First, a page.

[Being as the Corona Virus is currently in our thoughts most of the day, I have to chosen to write about it in a practical way. Rabbi O’s Weekly Parsha comes afterward.]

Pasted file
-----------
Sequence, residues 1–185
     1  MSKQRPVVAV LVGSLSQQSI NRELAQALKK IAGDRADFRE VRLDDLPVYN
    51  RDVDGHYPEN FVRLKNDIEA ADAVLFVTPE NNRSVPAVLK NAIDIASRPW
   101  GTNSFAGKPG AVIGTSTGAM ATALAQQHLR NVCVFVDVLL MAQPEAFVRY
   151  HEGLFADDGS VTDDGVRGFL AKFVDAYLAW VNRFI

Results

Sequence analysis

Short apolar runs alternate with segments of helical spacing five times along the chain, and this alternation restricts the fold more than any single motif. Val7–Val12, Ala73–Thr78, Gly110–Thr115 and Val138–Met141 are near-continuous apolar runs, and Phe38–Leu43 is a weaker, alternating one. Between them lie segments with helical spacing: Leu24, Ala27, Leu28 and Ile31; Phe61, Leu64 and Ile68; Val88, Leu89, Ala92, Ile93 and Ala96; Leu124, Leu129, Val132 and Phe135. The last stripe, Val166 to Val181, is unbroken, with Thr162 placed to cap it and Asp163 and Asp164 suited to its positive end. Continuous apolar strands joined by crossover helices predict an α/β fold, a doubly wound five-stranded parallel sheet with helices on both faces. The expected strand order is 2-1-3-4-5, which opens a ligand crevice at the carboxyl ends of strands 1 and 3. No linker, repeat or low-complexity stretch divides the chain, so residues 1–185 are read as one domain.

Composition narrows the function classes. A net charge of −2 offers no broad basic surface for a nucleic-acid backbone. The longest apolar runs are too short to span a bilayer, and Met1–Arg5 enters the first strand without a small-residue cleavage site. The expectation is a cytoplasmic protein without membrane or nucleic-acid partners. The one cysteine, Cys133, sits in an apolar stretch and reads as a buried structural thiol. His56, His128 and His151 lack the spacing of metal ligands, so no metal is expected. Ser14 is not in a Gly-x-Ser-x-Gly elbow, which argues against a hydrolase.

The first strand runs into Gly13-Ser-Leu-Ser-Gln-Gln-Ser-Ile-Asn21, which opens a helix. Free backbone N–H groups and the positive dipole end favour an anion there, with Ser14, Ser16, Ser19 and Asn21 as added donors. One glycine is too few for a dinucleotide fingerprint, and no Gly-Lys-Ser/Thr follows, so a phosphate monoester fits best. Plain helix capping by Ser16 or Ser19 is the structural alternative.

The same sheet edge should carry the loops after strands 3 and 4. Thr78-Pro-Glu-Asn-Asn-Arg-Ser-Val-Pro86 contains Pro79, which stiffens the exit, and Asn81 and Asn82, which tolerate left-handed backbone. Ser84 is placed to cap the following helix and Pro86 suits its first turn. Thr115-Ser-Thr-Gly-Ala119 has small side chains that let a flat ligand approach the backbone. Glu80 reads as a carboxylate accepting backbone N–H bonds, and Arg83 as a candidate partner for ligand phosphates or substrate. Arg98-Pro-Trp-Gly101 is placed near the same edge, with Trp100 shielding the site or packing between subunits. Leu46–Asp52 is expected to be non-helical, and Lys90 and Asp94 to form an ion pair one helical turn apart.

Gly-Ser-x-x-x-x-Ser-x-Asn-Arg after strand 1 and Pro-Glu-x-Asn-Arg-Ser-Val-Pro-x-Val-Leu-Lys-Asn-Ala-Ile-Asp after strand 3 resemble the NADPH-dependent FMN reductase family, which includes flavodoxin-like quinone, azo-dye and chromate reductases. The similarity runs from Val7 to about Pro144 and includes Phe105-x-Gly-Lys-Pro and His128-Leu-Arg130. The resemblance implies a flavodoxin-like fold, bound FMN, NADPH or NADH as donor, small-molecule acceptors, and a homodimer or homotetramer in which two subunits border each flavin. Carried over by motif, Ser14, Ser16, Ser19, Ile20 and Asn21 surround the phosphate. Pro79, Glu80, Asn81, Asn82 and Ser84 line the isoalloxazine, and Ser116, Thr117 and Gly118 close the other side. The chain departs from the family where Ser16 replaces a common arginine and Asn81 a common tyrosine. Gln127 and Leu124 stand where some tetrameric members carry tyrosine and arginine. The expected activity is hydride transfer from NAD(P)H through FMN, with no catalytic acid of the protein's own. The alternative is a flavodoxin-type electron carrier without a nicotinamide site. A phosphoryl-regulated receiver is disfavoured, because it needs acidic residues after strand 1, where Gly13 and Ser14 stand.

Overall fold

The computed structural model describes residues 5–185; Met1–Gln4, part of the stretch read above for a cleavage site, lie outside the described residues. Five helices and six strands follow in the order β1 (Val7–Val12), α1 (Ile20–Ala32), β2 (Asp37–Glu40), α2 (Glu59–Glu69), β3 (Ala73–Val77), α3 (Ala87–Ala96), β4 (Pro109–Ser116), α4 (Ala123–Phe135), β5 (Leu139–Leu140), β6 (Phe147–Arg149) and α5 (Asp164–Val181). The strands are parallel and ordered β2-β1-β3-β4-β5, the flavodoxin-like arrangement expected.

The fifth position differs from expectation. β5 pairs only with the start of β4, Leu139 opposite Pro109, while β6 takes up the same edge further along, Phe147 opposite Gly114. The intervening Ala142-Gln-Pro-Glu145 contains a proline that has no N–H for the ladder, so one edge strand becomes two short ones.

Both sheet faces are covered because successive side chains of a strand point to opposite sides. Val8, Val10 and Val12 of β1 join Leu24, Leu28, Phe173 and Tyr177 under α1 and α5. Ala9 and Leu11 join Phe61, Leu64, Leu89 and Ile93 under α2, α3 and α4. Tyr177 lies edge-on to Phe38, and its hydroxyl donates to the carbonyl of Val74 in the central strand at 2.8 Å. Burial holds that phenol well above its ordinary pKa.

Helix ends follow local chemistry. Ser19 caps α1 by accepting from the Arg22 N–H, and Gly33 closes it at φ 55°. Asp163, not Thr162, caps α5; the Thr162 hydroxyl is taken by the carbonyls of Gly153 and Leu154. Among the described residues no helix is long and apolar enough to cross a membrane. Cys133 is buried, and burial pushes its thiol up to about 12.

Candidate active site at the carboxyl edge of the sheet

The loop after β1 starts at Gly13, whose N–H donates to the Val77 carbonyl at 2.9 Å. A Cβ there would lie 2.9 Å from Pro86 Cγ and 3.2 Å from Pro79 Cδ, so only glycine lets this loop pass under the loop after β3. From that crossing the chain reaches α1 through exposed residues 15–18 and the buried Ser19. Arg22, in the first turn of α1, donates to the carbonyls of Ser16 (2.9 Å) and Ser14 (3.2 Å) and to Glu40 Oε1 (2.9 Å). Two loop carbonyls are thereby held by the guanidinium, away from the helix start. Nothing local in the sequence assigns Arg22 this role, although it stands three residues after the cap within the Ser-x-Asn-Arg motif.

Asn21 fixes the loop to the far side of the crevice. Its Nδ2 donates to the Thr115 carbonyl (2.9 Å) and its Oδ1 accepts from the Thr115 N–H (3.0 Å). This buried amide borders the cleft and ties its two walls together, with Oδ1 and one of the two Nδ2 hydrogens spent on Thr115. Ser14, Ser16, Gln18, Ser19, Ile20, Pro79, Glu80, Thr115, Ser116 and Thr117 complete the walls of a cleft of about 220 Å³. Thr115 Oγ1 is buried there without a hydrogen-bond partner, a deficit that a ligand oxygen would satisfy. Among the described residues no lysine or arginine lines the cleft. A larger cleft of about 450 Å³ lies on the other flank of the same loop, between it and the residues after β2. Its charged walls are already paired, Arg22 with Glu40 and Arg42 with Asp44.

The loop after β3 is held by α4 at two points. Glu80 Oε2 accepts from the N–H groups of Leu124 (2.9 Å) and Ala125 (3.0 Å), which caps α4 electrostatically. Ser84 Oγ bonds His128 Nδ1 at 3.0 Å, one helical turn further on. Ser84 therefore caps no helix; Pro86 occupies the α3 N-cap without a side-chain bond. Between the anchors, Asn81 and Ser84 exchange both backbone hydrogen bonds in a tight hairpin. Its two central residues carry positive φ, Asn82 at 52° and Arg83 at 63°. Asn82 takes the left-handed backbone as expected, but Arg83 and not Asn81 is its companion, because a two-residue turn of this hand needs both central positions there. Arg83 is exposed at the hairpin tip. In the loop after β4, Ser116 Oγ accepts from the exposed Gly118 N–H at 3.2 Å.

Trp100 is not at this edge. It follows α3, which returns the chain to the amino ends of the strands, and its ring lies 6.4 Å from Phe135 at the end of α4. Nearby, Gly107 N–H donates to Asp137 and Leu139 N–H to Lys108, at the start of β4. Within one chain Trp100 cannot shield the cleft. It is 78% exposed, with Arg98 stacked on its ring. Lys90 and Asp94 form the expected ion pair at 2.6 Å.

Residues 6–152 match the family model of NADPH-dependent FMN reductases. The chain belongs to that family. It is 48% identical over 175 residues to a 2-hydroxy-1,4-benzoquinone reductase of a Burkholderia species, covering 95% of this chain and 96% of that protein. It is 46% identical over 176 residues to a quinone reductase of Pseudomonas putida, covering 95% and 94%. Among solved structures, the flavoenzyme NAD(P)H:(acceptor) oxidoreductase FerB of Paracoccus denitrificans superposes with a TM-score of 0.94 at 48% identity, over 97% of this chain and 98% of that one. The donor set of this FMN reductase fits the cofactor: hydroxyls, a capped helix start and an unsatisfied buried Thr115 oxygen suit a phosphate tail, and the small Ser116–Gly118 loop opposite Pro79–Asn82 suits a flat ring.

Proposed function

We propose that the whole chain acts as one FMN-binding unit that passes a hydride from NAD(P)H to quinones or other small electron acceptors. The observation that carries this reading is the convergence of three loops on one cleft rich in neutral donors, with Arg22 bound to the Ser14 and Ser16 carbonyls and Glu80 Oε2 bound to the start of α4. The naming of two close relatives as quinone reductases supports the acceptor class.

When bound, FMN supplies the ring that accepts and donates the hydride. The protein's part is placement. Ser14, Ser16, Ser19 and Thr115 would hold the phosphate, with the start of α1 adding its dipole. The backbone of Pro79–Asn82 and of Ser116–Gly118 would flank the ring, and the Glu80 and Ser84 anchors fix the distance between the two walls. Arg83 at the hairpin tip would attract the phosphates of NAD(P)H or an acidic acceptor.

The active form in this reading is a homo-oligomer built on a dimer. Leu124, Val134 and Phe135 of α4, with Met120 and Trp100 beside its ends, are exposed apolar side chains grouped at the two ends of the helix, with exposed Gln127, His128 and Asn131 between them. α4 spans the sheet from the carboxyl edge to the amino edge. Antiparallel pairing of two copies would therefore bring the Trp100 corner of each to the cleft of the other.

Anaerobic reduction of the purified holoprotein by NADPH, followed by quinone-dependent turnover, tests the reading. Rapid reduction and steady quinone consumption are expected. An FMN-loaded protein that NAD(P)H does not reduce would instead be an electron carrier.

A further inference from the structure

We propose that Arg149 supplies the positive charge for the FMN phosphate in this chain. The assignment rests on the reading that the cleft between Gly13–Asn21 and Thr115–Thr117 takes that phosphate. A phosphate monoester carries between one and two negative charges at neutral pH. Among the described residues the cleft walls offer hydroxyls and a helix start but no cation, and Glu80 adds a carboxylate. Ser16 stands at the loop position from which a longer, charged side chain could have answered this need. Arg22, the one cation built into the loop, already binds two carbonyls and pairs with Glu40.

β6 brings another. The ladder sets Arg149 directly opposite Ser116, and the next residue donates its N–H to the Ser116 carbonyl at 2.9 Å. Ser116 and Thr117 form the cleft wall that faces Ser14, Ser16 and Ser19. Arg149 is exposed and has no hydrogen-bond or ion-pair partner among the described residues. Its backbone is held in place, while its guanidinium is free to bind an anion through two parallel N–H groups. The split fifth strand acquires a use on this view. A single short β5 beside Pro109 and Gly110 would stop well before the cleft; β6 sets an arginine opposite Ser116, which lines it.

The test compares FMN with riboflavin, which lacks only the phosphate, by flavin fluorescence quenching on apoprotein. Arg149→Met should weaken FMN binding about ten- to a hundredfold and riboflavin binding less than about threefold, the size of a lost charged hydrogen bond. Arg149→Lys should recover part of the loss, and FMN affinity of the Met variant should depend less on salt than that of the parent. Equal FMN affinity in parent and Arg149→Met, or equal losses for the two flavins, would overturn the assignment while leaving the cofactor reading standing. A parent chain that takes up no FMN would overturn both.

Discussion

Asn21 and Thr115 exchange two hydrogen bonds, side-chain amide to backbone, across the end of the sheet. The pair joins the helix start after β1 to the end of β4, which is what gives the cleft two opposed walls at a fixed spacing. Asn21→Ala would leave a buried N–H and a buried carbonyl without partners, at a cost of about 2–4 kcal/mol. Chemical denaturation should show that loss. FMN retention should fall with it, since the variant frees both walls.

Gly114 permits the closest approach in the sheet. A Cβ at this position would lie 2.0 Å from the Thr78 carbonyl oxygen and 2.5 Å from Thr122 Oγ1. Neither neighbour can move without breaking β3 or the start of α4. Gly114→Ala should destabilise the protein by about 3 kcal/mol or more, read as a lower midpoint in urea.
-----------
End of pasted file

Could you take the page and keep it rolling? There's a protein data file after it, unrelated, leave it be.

Six Jewish Takeaways from COVID-19We are all at wits end trying to manage in these challenging times. The Talmud (Yevomot 63a) tells us that when suffering comes to the world, we Jews are supposed take note. I’m no prophet nor do I know of any, so it would be absurd to attempt to explain the chaos in which we have been thrust. However, as always, classic Jewish sources are able to shed light and even inspiration on what’s going on. Here are a few practical lessons concerning six areas of life that we might not always find the time to think about.(1) FamilyDue to our hectic schedules, sometimes we neglect the people most important to us. Now that we are forced to be home, let us take the opportunity to connect and have the conversations we never have time for with our family members. In an AP poll, 75% of Americans listed family as the number one key to happiness. The prophet Isaiah instructs us on the importance of placing family first.Spread your bread for the hungry, and bring the groaning poor to your house, when you see an exposed man, clothe him, but from your own flesh do not hide. (Isaiah, 58:7).Although it is incumbent upon us to feed, clothe, and support the poor, family comes first. Our priorities must be loyal to our immediate relatives’ well-being before anyone else. This is why it is a mitzvah to give charity to a relative first, before considering anyone else’s request. It’s easy to forget how important these people are in our lives. Morrie Schwartz (Tuesdays with Morrie) once shared an insight that came to him late in life.The fact is, there is no foundation, no secure ground, upon which people may stand today if it isn’t the family. It’s become quite clear to me as I’ve been sick. If you don’t have the support and love and caring and concern that you get from a family, you don’t have much at all.Practical Step: Think about 1) how much you appreciate your family (even though they are not exactly as would like them to be) and 2) spend time with them conversing for no reason other than strengthening what is probably the most important relationship in your life. (2) FriendshipJob is an ancient Jewish book focusing on a question that bothers most of us. According to one opinion in the Talmud, Moses authored this fictional story to address the topic of why bad things happen to good people. Job was a righteous man but the Satan protested to the Almighty that Job is righteous only because things were going well for him, his family, and business. The Satan made a sort of wager with God; he asked the Almighty’s permission to bring severe afflictions onto Job to prove that he would not remain loyal if he wouldn’t have the idyllic life to which he had become accustomed. Permission was granted and severe afflictions immediately befell him. The next time we find Job, he has boils from head to toe and is using a pottery shard to scrape himself as he sits among ashes; he is visited by his three loyal friends. When Job was a wealthy man, he had many friends but after he had lost everything, only these three remained with him. The Talmud (Bava Batra 16b) relates a popular folk saying indicating that these friends are the paradigm for friendship: “Either friends like Job’s or death.” The question is, if the Satan ruined Job’s health, afflicted him, took away his livelihood and eventually his children, why didn’t he also take away his friends? The answer is that by doing so he would have killed Job, but he was only given permission to afflict him. A life without friends, without personal interactions and people to share our highs and lows with, is not a life. Being stuck at home is tough; we miss the social interactions of seeing people at the J, synagogue, kiddush, and other events-we miss seeing our friends. Some are at home without caretakers, others don’t have anyone to shop for them, and others are simply lonely or alone. COVID-19 is a physical sickness but being isolated can lead to depression. From Job we learn that as bad as physical ailments are, nothing is as wounding as isolation without friends.Practical Step: Spend 15 seconds a day being thankful for your friends. They are always there for you, how have you been (recently) there for them? Also, think of people new to town; can you be a resource to help them find friends in our community?(3) HumilityAnother take away from COVID-19 is instilling ourselves with a sense of humility. We have grown accustomed to being secure and feeling we are in control of everything. But now something we can’t even see has brought down the world’s economy and drastically changed our lives. Doctors say they don’t have the answers or a vaccine. We are being reminded that with all the wisdom we have been given, with all the research, with all the personal gifts and talents we possess, we just don’t know. This isn’t the only illness people have not been able to cure but this one is in our face.Practical Step: Think for a moment, “I am not in control; how many other people or situations in my life am I powerless over?” Is it a child who is leading a life far different than you had ever expected? Is it caring for an aging parent and thinking, ‘I didn’t sign up for this?’ One of the greatest pieces of wisdom I ever heard on this topic came from a Rabbi whose son was a heroin addict. He (the father) lived every day with the mantra he had learned in Al Anon; “I didn’t cause it. I can’t control it. I can’t cure it.” We need to live with the reality that some things in life are not in our power to change. This, in turn, will enable us to learn how to be accepting and tolerant of others.(4) The Gift of GivingA beautiful conclusion emerges from this challenging period. The extreme measures all of us are taking are for other people, those who are older or have compromised immune systems. COVID-19 will not be fatal for the overwhelming majority of the American population but we have a sense of responsibility and are willing to take these measures. We do this because we care about others. Abide by the rules not because you think something will happen to you, but because you feel a sense of responsibility. The feeling for others should occupy our lives. The reason you are willing to have your life put in chaos is because you don’t want to contaminate people who are vulnerable. As the sage Hillel said, “if I am not for myself, who will be for me. But if I am only for myself, who am I? If not now, when (Pirkei Avot 1:14)Practical Step: Ask yourself, how can I in some small way be there for someone else? Here’s one suggestion: Make two calls this week to people you haven’t spoken with in a while, people who will really appreciate your having thought of them. Listen to them, even if it means hearing them kvetch. This means much more to people than you realize.(5) PrayerAccording to Ramban (1194-1270) the only time the Torah commands one to pray is during a time of distress (Sefer Hamitzvot 5). It is a mitzva to speak to your Creator; ask Him to put the pieces back together again.Practical Step: Pray in your own words. Jews for thousands of years have prayed to the Almighty during difficult times; One can pray anywhere; it does not have to be at the synagogue. Give it a try, see how it feels.(6) Being Jewish out of the synagogue.Just because synagogues close, doesn’t mean Judaism can’t continue to thrive. Our Jewish identity and practices are not primarily done in the Synagogue; the only thing we do there is pray. However, the survival of Judaism over the centuries has been a result of creating and maintaining a Jewish home; so much of Judaism revolves around the family we create, the food we eat, the stories we tell, and how we interact with the people in our lives. The idea that Judaism should permeate our lives, with or without a synagogue, led to a radical proposal by a Rabbi in the first part of 19thcentury Germany, who suggested (perhaps, theoretically) closing all synagogues in order to dramatically emphasize the idea that Judaism embraces the totality of Jewish life; the halls of prayer and worship are one part of Judaism, the rest happens when one leaves. Practical Step: Ask yourself, how can I strengthen my Jewish identity outside of the synagogue? If you have an answer, ask your Rabbi for the most effective way to implement your plan. If you don’t have an answer, ask your Rabbi a suggestion.Let’s use these homebound experiences as opportunities to learn more about ourselves and the incredible people who have helped to create our personal and collective Jewish past and use their wisdom to create a Jewish future.